Harris' book by contrast is presented as "a kaleidoscope of philosophical, sociological, historical and literary perspectives on what mathematicians do, and why." The title, Mathematics Without Apologies, clearly positions this work as a response to G. H. Hardy's A Mathematician's Apology; and in fact we read: "What about the lauded beauty of mathematics? Perhaps, Harris concedes, but when mathematicians talk about beauty, what they mean is pleasure. ...   Mathematicians ... do what they do because of the enormous pleasure it brings them."

$\pi$ in The New Yorker

Stephen Strogatz (Cornell) contributed "Why Pi Matters" to the March 13, 2015 New Yorker. "Every March 14th, mathematicians like me are prodded out of our burrows like Punxsutawney Phil on Groundhog Day, blinking and bewildered by all the fuss. Yes, it's Pi Day again." And he adds: "Just stay off the streets at 9:26:53, when the time will approximate pi to ten places: 3.141592653." Stogatz quickly runs through the formulas involving $\pi$ that we learn in school and that most of us forget, and brings us to the question: "Why do mathematicians care so much about pi?" His answer is: "The beauty of pi, in part, is that it puts infinity within reach." For example, "The digits of pi never end and never show a pattern. They go on forever, seemingly at random --except that they can't possibly be random, because they embody the order inherent in a perfect circle." He quotes the formula $\pi/4 = 1-1/3+1/5-1/7+1/9-1/11+\cdots$ that "connects all odd numbers to pi, thereby also linking number theory to circles and geometry. In this way, pi joins two seemingly separate mathematical universes, like a cosmic wormhole."

But there's more: "What distinguishes pi from all other numbers is its connection to cycles." Strogatz has The New Yorker print out the equation for a Fourier series $$x(t)=\sum_{k=0}^{\infty}a_k \cos(2\pi kt/T)+b_k \sin(2\pi kt/T)$$ [this must be a first] as an "all-encompassing representation of any process, $x(t)$, that repeats every $T$ units of time." He explains that "Pi is inescapable because cycles are the temporal cousins of circles; they are to time as circles are to space. Pi is at the heart of both."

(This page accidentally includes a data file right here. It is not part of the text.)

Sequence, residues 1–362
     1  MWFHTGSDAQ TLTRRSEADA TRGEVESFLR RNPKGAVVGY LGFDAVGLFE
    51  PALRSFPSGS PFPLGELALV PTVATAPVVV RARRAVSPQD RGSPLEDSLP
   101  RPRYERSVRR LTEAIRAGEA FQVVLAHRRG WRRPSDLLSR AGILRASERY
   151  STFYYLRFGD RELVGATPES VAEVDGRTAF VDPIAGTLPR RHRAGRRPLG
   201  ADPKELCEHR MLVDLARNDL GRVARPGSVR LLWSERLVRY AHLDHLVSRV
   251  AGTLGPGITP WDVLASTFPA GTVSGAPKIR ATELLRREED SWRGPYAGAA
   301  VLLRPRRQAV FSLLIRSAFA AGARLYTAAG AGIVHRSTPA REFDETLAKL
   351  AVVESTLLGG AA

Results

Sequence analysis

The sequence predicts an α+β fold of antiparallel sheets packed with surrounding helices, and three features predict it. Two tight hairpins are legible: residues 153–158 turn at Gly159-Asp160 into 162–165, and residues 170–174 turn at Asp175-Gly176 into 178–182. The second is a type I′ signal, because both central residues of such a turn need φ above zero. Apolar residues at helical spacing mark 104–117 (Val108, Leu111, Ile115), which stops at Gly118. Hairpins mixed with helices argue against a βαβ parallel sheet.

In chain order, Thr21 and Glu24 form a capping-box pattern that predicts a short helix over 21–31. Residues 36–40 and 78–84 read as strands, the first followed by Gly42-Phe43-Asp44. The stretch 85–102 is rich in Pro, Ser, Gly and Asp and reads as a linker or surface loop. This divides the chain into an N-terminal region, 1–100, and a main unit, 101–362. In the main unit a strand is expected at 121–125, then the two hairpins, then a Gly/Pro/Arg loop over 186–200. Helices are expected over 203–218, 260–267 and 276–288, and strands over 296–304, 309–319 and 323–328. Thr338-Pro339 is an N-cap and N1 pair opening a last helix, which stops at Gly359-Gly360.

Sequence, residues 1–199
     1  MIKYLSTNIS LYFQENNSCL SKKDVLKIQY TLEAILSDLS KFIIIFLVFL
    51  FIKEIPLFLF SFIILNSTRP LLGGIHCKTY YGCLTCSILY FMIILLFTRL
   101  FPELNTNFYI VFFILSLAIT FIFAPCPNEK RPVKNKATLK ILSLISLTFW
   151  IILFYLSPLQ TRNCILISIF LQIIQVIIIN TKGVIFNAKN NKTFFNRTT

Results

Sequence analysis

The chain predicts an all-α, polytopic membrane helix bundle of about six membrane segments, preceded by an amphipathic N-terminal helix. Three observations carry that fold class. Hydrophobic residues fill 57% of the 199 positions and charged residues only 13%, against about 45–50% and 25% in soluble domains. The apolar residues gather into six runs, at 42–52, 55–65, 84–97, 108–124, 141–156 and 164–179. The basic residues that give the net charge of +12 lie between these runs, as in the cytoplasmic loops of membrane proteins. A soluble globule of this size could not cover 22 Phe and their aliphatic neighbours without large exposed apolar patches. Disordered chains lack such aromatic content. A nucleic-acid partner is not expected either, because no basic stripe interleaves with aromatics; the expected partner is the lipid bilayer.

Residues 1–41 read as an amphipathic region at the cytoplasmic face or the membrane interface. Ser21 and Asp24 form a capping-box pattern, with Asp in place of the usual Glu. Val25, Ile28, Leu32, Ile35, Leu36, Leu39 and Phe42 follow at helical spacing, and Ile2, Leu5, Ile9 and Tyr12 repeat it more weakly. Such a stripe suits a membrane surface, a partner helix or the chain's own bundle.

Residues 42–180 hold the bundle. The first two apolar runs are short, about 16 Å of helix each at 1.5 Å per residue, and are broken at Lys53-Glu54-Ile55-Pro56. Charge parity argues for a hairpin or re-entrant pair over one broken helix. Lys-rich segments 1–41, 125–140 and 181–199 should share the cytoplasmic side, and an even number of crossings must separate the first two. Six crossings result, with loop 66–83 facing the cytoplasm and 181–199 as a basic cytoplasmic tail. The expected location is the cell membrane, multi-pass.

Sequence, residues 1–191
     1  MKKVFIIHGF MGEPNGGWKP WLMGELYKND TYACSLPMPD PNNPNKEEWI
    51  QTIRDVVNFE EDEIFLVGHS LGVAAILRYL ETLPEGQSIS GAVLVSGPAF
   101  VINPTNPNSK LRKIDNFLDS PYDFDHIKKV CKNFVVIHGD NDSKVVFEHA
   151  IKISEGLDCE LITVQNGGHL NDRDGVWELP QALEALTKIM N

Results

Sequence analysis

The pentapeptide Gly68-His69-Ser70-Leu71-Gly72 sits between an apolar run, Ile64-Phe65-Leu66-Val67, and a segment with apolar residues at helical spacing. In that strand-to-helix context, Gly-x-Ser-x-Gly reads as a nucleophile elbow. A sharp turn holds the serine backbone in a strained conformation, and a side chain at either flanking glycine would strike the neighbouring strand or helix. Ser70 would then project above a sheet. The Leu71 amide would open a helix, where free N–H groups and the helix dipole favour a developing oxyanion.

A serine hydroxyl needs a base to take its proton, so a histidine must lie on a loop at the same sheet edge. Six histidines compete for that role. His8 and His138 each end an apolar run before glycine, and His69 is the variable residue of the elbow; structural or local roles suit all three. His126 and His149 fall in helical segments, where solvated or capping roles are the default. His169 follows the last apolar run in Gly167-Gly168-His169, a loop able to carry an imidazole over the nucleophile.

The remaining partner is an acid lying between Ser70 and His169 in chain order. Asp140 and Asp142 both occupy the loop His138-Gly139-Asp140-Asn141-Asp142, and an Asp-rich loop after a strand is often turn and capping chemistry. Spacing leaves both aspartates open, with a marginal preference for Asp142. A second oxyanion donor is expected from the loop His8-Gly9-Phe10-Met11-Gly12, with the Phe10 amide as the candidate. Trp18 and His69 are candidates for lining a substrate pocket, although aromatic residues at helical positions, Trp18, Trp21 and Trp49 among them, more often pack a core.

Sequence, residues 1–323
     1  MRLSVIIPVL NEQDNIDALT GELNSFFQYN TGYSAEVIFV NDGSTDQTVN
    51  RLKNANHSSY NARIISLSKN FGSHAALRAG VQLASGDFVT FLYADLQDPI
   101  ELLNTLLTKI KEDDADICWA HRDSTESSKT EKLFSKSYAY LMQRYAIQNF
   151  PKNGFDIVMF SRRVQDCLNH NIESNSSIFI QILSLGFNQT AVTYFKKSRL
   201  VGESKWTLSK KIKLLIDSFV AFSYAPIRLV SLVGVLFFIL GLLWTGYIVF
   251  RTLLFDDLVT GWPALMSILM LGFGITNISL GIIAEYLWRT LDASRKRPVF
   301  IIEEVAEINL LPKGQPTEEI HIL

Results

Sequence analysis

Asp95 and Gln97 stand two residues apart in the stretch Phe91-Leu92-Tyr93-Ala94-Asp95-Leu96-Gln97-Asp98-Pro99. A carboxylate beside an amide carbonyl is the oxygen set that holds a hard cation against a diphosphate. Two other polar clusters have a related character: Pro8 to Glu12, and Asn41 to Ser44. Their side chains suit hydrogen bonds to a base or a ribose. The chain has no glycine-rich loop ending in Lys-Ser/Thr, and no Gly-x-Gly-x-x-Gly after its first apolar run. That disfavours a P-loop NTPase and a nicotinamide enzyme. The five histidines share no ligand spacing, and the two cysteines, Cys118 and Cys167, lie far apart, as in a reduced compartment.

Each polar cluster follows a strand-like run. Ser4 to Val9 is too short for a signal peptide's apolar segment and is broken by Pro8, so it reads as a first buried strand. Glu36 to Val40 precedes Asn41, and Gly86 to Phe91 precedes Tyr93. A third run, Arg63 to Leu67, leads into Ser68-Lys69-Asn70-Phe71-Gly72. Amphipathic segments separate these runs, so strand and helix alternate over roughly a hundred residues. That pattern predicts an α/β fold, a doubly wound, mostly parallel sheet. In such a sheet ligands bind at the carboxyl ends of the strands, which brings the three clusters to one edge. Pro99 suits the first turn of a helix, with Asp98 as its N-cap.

Tony Phillips
Stony Brook University
tony at math.sunysb.edu

Math Digest Math Digest
On Media Coverage of Math

Math Digest includes posts throughout each month, with summaries of math stories and unique insights (and occasionally videos, interviews and podcasts) on math-related topics recently covered by the media.

Recently posted:

On sandpiles, by Allyn Jackson

Sandpile simulation

(Image of "billion" grain pile
provided by Wesley Pegden.)

Add a few grains of sand to a sandpile, and maybe nothing much happens. But add a few more, and you might suddenly find the structure of the pile shifting and morphing into a new shape. In mathematics, a sandpile is a model that captures the simplest aspects of the behavior of a real sandpile. In this article, Jordan Ellenberg describes the mathematical sandpile and its incredibly rich behavior. One can think of a mathematical sandpile as an infinite array of dots, each with a vertical pile of sand. The vertical piles cannot get too tall, so any pile with 4 or more grains must topple, sending one grain in each compass direction. Now imagine an infinite table onto which sand is dropped grain by grain in the center. A pile of 4 grains forms and topples; as more sand is added, an adjacent pile accumulates 4 grains and then topples, and so on. As the sand begins to spread over the table, patterns emerge in the sandpile. The article contains some beautiful computer-generated pictures showing sandpile patterns, as well as a fascinating video. The sandpile is one of the simplest examples of what is known as "self-organized criticality," a phenomenon that could be at the root of life itself. "Some biologists see self-organized criticality as a potential unified theory for complex biological behavior, which governs the way a flock of birds moves in sync just as genetic information governs the development of the individual birds," Ellenberg writes.

See "The Amazing, Autotuning Sandpile," by Jordan Ellenberg. Nautilus, 2 April 2015. See also "What is a sandpile?", by Lionel Levine and James Propp, in the September 2010 issue of the AMS Notices.

--- Allyn Jackson

Also now on Math Digest: March Madness brackets, the origin of numbers, data in medicine, Emmy Noether celebrated wtih a Google doodle, ...

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Reviews Reviews
Books, plays and films about mathematics

Citations for reviews of books, plays, movies and television shows that are related to mathematics (but are not aimed solely at the professional mathematician). The alphabetical list includes links to the sources of reviews posted online, and covers reviews published in magazines, science journals and newspapers since 1996.